Imagine being served your poolside drinks by a lawyer, or getting your chicken sandwich delivered by an experienced marketing professional. The first is a friend of mine, the second my waitress a few weeks ago. Both lost jobs due to economic downturns at their organizations. Both took available work to pay the bills while looking for new positions in their chosen professions.
My friend and the waitress are victims of a massive but hidden problem called underemployment. Watching falling unemployment numbers being reported at 6.2%, down from nearly 10% four years earlier, is simply misleading.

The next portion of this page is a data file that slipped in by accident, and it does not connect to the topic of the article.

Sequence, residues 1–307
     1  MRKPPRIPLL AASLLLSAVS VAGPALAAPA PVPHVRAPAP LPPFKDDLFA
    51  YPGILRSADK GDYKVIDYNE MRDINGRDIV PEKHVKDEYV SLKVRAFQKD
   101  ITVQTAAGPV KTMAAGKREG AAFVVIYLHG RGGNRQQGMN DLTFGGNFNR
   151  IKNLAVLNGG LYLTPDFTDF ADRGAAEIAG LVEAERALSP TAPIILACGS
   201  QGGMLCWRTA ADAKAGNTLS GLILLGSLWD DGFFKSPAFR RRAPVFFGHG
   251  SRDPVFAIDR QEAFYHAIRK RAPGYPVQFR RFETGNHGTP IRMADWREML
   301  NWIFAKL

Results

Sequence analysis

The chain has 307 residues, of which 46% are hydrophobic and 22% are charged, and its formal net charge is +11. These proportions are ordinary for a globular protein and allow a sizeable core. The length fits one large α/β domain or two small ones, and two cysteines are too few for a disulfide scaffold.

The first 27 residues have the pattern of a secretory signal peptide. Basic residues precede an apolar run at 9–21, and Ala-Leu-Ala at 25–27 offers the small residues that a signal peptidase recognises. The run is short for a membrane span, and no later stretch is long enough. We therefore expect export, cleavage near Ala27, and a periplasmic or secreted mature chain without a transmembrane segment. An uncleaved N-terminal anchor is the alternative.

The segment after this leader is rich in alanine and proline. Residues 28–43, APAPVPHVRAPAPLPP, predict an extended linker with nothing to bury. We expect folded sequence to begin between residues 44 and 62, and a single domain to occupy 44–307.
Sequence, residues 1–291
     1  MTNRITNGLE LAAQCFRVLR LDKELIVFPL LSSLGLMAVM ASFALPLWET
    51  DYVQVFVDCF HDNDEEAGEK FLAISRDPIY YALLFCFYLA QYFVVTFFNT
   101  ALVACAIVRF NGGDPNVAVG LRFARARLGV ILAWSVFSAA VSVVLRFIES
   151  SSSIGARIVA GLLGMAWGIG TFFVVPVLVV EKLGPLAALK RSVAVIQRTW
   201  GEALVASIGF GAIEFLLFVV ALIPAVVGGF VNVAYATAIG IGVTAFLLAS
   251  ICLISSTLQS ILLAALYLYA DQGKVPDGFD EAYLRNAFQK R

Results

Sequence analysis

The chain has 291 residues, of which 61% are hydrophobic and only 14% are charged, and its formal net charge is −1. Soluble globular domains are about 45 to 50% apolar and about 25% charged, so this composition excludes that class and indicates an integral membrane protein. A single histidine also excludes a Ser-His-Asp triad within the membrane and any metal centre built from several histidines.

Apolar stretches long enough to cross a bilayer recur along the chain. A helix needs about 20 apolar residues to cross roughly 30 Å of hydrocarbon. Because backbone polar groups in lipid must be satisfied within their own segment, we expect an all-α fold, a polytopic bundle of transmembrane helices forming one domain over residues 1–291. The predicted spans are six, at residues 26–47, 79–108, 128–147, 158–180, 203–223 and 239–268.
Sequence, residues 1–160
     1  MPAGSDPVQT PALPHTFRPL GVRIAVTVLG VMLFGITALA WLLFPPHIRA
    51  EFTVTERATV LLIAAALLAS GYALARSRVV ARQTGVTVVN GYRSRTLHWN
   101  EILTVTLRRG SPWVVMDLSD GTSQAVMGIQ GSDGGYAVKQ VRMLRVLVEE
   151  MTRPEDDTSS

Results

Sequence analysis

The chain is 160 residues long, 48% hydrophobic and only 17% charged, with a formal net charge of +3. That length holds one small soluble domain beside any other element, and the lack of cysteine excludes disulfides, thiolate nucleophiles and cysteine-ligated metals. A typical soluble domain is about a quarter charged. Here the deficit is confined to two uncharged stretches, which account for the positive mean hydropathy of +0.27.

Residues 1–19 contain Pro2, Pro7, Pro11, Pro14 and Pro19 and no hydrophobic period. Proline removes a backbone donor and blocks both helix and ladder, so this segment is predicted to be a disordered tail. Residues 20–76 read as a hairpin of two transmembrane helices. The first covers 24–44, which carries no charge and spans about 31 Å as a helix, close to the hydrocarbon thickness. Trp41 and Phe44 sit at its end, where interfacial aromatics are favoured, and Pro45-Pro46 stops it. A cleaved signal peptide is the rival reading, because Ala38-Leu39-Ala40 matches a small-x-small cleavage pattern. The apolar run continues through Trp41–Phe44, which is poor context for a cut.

Despite the significant decrease in the official U.S. Bureau of Labor Statistics (BLS) unemployment rate, the real unemployment rate is over double that at 12.6%. This number reflects the government’s “U-6” report, which accounts for the full unemployment picture including those “marginally attached to the labor force,” plus those “employed part time for economic reasons.” (read)